Minister for Children Anne Tolley says the Ministry for Vulnerable Children, Oranga Tamariki is working with iwi to strengthen whānau connections and improve children and whānau participation in decision-making.
“There are a number of initiatives underway to build stronger connections with iwi to ensure children and young people are connected to their whānau and have safe, loving, stable homes,” says Mrs Tolley.
“This collective approach ensures the right people are engaged in decision-making so we can address the needs of Māori tamariki in prevention, early intervention, care support, transition to independence, and youth justice.
“Early-stage whānau meetings (hui-a-whānau) and whānau searching are being trialled across 21 Ministry sites. Ngāti Porou, Ngāti Rangitāne, Ngāti Raukawa, and Ngāti Toa are also building capability to lead and co-ordinate Family Group Conferences.
“Hui-a-whānau provides a way for children, young people and whānau to work together to make decisions and resolve problems. At-risk families will be supported at an earlier stage, and outcomes of Family Group Conferences will be improved.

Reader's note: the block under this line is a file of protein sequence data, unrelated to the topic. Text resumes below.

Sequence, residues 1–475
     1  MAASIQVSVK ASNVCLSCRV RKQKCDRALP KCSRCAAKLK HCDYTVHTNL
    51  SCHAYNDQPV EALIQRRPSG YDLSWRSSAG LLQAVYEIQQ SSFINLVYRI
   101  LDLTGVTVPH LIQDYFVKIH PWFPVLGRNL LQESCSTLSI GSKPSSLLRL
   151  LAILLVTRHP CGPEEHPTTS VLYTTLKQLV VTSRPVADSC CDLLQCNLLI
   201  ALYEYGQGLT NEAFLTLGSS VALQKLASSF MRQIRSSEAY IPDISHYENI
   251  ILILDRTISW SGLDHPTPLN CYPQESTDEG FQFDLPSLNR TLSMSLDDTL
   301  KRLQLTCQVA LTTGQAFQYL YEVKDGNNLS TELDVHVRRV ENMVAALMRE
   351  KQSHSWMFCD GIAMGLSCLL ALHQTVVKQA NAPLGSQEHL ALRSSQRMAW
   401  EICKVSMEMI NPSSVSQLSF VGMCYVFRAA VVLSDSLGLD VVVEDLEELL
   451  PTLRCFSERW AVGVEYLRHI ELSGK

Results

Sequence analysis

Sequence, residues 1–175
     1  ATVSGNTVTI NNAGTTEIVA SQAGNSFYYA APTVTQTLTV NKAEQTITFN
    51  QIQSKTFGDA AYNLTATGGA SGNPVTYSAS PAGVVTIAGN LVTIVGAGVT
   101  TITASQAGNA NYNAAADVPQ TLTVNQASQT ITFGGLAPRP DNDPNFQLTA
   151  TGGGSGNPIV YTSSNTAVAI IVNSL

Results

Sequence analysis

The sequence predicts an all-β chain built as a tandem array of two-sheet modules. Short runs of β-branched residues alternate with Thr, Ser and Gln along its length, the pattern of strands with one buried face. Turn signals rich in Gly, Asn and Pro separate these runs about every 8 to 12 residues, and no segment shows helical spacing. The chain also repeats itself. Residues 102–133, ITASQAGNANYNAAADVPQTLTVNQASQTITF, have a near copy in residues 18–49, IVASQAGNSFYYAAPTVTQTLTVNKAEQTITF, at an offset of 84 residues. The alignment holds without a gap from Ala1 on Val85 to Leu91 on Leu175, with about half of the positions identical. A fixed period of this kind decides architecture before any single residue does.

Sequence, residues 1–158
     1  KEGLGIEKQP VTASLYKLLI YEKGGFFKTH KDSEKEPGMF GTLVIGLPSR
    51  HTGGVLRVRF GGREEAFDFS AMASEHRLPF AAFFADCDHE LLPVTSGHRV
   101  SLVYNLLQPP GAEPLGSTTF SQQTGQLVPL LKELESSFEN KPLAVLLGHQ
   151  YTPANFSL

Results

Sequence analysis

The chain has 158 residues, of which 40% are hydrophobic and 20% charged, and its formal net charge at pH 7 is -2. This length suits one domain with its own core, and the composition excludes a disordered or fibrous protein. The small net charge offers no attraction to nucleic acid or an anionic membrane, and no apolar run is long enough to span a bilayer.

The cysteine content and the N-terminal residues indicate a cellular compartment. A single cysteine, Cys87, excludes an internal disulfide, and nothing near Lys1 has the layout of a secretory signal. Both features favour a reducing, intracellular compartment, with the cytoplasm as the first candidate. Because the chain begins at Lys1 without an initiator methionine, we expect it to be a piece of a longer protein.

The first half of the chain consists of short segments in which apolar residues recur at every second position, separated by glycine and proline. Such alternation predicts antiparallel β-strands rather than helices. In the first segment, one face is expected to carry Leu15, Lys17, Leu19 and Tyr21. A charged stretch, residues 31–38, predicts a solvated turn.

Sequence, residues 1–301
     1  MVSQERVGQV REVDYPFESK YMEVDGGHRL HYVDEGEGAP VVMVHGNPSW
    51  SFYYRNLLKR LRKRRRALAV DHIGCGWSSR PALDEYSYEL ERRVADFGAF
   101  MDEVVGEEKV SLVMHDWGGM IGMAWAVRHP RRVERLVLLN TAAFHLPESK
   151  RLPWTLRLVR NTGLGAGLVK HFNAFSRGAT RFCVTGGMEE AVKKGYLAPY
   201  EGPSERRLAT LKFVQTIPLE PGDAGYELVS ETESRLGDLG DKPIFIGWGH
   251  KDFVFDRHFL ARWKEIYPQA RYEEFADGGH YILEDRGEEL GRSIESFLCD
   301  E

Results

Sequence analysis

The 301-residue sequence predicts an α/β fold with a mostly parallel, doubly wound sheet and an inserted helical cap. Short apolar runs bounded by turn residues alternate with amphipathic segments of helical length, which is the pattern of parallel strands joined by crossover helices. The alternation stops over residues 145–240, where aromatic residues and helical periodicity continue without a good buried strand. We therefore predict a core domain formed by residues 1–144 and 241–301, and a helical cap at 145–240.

“Whānau searching will enable the Ministry to engage in a more culturally responsive way. As a result, children and young people are more likely to be placed with whānau, and develop a sense of belonging and connection.
“In Tairāwhiti two iwi co-ordinators have completed their first iwi-led Family Group Conferences with positive outcomes.
“For example, one young person attended the Te Ara Tuakiri Wananga Programme run by Turanga Ararau which teaches the requirements for Youth Court attendance, and participated in anger management classes and community work.
“Mokopuna Ora, which has been developed with Waikato Tainui, is being extended to South Auckland to keep children and young people connected with their extended whānau who will train a pool of people to act as kaitiaki.
“Mokopuna Ora has been successfully running in Waikato since 2015, and has resulted in 66 tamariki staying with whānau.
“Whānau are able to get extra help and support to safely care for their children at home. A whānau researcher also helps connect tamariki in care with their marae and hapū.”